Objective: To determine the appropriateness of use of coronary artery bypass graft surgery in New York State.
Design: Retrospective randomized medical record review.
Setting: Fifteen randomly selected hospitals in New York State that provide coronary artery bypass graft surgery.
Patients: Random sample of 1338 patients undergoing isolated coronary artery bypass graft surgery in New York State in 1990.
Main outcome measures: Percentage of patients who had bypass surgery for appropriate, inappropriate, or uncertain indications; operative (30-day) mortality; and complications.
Results: Nearly 91% of the bypass operations were rated appropriate; 7%, uncertain; and 2.4%, inappropriate. This low inappropriate rate differs substantially from the 14% rate found in a previous study of patients operated on in 1979, 1980, and 1982. The difference in rates was not due to more lenient criteria but to changes in practice, the most important being that the fraction of patients receiving coronary artery bypass grafts for one- and two-vessel disease fell from 51% to 24%. Individual hospital rates of inappropriateness (0% to 5%) did not vary significantly. Rates of appropriateness also did not vary by hospital location, volume, or teaching status. Operative mortality was 2.0%; 17% of patients suffered a complication. Complication rates varied significantly among hospitals (P < .01) and were higher in downstate hospitals.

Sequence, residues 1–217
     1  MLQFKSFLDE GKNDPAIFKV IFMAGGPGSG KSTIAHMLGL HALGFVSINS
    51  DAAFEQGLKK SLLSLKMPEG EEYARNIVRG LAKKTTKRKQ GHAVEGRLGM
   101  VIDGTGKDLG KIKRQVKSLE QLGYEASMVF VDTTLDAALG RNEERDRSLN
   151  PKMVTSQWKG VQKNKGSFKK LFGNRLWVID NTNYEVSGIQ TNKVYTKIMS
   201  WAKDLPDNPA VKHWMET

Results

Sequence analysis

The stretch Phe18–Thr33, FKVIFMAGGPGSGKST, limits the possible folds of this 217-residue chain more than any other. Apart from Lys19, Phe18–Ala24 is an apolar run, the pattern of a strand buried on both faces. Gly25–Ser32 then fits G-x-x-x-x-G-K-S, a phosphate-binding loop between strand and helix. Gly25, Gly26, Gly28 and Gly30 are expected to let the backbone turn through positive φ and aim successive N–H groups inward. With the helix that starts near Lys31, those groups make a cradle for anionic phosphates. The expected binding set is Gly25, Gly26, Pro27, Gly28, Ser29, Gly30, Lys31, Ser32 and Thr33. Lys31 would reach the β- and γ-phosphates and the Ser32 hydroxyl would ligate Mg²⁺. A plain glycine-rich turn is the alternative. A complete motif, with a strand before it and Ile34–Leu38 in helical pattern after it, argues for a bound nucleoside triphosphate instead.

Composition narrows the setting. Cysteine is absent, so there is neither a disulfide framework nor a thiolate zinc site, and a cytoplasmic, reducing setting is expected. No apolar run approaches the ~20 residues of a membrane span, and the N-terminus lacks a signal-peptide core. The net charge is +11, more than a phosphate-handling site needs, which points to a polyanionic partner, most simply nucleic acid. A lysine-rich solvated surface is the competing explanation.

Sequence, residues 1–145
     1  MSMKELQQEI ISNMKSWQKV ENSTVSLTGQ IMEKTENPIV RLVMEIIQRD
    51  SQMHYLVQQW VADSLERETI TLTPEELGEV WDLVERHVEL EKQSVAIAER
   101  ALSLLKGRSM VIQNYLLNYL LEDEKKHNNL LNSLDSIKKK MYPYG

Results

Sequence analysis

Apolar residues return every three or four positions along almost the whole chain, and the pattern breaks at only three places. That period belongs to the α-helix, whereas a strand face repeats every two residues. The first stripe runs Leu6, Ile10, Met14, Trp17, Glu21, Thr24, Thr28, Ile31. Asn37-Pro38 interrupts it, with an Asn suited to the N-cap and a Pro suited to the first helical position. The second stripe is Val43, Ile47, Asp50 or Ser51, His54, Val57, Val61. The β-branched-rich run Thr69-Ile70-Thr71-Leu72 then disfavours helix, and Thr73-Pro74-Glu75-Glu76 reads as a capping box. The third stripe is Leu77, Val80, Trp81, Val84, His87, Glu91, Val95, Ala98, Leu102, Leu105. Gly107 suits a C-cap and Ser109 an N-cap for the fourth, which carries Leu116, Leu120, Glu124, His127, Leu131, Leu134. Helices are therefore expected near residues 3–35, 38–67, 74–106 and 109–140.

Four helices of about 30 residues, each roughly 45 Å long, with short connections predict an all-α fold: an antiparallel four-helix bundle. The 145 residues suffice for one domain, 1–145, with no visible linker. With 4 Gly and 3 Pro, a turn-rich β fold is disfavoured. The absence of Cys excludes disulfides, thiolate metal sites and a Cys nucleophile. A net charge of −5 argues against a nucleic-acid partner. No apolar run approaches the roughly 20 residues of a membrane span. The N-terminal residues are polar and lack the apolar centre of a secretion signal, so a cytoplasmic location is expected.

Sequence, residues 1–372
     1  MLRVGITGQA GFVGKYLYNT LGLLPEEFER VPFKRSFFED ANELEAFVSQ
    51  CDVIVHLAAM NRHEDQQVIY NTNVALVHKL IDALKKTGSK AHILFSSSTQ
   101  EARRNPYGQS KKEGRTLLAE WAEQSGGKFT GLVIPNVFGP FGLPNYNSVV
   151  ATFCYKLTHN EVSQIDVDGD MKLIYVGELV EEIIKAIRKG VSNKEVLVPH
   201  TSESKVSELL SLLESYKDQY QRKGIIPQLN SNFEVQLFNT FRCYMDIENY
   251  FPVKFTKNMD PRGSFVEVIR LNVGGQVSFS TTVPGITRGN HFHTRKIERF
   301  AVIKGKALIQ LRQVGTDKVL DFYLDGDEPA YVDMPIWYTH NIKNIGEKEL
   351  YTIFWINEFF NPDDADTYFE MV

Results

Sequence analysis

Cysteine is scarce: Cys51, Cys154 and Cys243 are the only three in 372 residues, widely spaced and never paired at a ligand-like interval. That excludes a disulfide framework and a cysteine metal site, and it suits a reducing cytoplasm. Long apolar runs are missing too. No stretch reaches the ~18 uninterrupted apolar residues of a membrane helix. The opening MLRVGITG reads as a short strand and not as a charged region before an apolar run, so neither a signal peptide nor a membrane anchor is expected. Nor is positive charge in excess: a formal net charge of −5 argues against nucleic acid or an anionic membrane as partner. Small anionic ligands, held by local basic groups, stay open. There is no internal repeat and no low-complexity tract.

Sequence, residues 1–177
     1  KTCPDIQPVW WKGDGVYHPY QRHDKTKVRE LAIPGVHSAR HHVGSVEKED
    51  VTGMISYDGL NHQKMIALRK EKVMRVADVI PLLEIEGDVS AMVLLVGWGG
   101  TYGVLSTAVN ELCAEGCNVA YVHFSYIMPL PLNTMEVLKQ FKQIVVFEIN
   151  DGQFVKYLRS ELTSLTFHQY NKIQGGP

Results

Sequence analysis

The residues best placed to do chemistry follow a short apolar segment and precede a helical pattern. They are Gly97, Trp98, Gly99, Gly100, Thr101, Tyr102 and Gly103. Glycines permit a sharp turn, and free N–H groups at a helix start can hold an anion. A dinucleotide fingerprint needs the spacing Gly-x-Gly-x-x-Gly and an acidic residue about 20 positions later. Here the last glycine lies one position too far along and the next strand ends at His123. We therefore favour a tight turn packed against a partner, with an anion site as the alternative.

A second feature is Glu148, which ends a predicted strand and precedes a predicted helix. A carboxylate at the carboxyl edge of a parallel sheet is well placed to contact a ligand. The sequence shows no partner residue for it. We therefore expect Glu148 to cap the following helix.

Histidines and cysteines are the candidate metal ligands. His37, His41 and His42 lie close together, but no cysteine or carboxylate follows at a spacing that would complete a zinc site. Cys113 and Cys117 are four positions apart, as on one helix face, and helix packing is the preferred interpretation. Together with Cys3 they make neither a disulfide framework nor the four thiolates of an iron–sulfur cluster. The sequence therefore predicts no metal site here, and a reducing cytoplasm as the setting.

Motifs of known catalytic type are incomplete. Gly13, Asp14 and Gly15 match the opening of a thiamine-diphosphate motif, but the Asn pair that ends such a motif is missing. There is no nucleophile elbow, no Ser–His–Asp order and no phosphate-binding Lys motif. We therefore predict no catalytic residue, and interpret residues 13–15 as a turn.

Conclusions: The rates of inappropriate and uncertain use of coronary artery bypass graft surgery in New York State were very low. Rates of inappropriate use did not vary significantly among hospitals, or according to region, volume of bypass operations performed, or teaching status.